MADEIRA BEACH — Finding a new city manager is not a simple task, as the City Commission is beginning to find out.
The group's first choice backed out after an initial background check prompted two commissioners to call him unqualified.
The latest glitch arose last week when some commissioners failed to properly fill out a rating sheet intended to reduce a list of seven candidates to three finalists.
The plan was to have an outside firm then conduct an in-depth background check on the three finalists and then invite them to be interviewed during a public meeting and a community social on July 26. According to that schedule, the commission would then name the new city manager after its Aug. 3 workshop.
That schedule is now in serious doubt.
"I cannot officially say which applicants are on the city's short list for city manager," Interim City Manager and fire Chief Bill Mallory said Friday.
He collected rating ballots from the commission during a workshop meeting Tuesday and announced who he thought were the commission's top three picks.
Later that night, he re-examined the commission's score sheets and decided he had "misread" the total scores and on Wednesday issued a new and different group of finalists.
Commissioners were supposed to give each of the seven candidates a numerical score ranging from 1 to 7, with the highest score going to their top pick.
This process, Mallory said, would allow a mid-level candidate to be fairly considered if the commissioners were split on their top pick.
Only Commissioners Terry Lister and Carol Reynolds followed the directions accurately.
Mayor Travis Palladeno gave his top candidate a 7 and everybody else a 1.
"My pick is my pick. I want to make sure my guy is interviewed," Palladeno said Friday.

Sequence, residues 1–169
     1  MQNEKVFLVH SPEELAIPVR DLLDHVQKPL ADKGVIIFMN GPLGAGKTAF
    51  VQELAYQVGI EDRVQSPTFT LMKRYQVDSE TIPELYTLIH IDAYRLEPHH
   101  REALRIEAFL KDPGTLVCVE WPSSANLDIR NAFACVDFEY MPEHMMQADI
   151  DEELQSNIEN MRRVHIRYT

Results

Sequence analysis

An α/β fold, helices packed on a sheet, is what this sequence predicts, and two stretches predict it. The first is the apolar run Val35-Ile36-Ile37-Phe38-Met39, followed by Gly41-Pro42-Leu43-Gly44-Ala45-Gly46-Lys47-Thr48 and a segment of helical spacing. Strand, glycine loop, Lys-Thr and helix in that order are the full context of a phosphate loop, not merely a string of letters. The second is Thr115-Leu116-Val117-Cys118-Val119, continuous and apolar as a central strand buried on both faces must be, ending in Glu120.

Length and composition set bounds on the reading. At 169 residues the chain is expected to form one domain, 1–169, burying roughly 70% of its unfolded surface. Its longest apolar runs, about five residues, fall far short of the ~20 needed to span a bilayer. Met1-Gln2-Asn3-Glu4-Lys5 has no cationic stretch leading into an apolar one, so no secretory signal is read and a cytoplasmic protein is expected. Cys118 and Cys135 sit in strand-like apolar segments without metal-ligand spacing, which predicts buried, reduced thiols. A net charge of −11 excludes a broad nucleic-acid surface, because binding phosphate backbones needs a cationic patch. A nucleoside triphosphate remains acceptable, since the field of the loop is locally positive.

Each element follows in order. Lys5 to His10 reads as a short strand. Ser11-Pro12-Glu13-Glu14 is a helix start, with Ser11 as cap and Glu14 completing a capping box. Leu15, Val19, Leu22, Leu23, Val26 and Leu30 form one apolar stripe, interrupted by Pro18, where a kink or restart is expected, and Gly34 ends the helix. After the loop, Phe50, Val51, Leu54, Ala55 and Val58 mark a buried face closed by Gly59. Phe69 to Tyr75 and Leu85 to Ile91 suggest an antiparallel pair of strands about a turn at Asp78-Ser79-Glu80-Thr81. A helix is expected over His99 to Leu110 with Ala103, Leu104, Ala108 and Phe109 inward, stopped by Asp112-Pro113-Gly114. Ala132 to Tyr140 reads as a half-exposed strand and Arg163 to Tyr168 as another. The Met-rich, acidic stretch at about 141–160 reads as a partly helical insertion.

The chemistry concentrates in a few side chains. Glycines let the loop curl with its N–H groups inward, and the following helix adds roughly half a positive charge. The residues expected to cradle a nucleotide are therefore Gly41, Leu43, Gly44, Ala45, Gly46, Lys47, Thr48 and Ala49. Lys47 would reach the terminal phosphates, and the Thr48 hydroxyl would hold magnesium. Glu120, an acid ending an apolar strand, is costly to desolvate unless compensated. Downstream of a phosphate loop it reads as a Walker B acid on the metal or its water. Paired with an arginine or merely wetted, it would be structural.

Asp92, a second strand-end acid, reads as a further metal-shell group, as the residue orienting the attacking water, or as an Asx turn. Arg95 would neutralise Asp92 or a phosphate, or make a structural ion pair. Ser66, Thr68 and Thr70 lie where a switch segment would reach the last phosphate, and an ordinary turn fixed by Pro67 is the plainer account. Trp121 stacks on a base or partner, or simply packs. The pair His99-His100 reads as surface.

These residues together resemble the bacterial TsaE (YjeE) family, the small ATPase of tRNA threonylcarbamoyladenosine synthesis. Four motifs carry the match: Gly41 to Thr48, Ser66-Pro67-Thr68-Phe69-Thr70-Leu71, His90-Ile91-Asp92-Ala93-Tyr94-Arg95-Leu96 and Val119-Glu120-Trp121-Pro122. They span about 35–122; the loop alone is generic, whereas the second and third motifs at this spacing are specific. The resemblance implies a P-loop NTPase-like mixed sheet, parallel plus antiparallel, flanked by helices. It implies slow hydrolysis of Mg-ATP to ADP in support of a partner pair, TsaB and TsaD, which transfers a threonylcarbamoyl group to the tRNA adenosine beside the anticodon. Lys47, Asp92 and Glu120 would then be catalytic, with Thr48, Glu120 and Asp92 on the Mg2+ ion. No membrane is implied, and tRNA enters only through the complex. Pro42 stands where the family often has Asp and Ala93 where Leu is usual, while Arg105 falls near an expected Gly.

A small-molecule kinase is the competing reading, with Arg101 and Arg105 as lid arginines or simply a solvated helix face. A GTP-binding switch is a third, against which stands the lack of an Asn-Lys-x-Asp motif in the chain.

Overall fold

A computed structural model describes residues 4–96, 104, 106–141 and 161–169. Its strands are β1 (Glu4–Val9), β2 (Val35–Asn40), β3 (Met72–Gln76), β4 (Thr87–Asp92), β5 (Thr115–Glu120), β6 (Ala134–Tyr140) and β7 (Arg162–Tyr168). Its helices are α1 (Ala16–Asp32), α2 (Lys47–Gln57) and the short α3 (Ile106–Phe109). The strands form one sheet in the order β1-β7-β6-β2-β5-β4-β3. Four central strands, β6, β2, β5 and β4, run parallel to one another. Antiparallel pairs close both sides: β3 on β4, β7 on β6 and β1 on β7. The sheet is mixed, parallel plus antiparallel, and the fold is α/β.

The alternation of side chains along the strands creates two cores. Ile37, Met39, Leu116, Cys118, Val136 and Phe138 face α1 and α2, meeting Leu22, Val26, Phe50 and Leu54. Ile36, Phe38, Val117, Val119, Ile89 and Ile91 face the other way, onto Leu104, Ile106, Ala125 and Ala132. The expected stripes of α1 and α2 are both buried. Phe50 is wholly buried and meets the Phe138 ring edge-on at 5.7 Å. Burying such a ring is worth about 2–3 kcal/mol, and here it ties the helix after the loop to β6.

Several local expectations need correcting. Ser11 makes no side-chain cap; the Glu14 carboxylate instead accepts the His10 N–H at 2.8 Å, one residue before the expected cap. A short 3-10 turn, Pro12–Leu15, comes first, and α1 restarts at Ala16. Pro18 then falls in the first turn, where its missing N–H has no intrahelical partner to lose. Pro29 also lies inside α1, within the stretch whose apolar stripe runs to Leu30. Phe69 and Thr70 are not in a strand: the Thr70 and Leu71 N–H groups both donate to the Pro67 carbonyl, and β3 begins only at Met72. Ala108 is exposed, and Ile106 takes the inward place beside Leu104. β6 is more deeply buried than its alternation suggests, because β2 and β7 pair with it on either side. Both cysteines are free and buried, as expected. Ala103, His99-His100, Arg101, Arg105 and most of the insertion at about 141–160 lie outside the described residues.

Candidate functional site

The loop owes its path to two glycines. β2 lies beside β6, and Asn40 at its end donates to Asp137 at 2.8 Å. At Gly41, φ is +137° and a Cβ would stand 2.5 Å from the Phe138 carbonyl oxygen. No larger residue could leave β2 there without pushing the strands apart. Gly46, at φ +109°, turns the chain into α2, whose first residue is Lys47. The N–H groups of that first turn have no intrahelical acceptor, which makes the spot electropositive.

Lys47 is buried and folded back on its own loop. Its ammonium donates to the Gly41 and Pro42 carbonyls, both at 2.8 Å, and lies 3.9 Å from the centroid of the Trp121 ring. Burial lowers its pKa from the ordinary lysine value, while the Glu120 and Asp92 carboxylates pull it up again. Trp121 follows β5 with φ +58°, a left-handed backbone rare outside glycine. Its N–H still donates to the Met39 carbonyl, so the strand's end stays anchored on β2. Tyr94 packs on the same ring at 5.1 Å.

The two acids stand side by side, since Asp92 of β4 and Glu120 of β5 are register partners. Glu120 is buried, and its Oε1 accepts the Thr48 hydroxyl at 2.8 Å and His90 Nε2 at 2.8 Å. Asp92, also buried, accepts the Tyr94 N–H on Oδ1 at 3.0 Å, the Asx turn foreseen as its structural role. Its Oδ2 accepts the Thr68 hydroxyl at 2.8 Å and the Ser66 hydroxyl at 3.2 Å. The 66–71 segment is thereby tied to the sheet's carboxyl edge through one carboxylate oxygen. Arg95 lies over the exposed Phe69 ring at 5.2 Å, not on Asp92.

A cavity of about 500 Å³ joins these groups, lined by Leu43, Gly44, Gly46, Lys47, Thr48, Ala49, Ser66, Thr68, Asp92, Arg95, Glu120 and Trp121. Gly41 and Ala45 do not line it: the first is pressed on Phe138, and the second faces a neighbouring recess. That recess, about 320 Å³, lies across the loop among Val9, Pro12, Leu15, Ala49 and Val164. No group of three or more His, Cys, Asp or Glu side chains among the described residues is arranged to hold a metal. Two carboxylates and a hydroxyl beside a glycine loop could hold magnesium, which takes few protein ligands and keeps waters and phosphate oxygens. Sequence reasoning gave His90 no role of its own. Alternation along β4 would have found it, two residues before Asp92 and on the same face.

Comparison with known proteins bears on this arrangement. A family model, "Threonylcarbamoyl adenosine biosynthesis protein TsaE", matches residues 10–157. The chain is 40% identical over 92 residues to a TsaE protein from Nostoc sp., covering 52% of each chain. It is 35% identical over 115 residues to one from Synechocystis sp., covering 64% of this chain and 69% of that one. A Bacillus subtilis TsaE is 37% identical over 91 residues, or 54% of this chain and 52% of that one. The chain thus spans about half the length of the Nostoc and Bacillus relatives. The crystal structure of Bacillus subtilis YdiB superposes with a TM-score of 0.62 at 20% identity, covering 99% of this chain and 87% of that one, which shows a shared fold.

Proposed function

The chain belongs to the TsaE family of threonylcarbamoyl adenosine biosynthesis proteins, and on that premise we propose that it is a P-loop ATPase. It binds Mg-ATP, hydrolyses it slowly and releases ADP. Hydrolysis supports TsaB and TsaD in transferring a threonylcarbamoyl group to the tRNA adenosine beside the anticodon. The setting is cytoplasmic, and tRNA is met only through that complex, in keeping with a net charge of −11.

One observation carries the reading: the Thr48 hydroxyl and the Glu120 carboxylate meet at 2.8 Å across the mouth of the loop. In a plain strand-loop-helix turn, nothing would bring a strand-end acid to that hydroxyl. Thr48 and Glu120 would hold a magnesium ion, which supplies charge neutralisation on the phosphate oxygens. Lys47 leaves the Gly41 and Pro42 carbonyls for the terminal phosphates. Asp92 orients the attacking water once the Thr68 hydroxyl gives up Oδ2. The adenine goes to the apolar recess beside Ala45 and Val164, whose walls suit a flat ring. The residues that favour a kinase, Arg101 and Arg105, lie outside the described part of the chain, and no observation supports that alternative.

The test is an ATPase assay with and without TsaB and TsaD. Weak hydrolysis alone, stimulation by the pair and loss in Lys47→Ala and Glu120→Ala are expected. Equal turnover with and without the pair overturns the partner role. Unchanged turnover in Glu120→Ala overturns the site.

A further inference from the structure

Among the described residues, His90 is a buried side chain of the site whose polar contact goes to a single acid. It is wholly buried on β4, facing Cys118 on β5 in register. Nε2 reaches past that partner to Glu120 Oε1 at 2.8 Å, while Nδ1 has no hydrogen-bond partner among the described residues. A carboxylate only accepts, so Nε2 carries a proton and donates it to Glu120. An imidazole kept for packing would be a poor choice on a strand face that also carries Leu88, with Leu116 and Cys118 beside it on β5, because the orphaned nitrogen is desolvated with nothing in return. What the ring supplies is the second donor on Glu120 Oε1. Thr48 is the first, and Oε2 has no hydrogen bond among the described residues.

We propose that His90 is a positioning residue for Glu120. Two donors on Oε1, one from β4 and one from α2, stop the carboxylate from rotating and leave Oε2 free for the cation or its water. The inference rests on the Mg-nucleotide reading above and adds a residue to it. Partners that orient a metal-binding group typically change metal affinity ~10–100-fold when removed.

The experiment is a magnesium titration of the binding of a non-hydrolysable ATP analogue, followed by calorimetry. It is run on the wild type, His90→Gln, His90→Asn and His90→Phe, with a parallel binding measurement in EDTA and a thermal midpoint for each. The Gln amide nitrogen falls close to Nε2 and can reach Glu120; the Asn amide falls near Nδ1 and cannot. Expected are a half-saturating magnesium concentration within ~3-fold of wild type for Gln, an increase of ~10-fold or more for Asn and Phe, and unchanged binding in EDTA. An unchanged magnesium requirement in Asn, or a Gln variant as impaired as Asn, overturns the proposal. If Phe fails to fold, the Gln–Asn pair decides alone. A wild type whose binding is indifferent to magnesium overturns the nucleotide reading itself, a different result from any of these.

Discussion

Commissioners Nancy Oakley and Robin Vander Velde only scored three candidates, leaving the other four blank. Neither signed their rating sheets.
By Thursday, Mallory said he was "increasingly uncomfortable" with deciding whom the commission picked as finalists.
"I realized that I could not post an accurate score for every applicant because not all of the ballots were filled out," Mallory said. He will ask commissioners to fill out ballots again at Tuesday's commission meeting.
Whoever does get the job will take over not just the management of the city, but also the daily task of running the city's public works department.
Creating that dual function will enable the city to hire additional firefighters and spend more money on long-delayed projects, Palladeno said.
The city's last manager, W. D. Higginbotham Jr., left in February after getting the previous commission to fire him just weeks before the election that brought Palladeno and Vander Velde to office.
His $54,000 severance pay is still a contentious issue and the subject of a lawsuit that another former city manager, Jim Madden, filed against the city.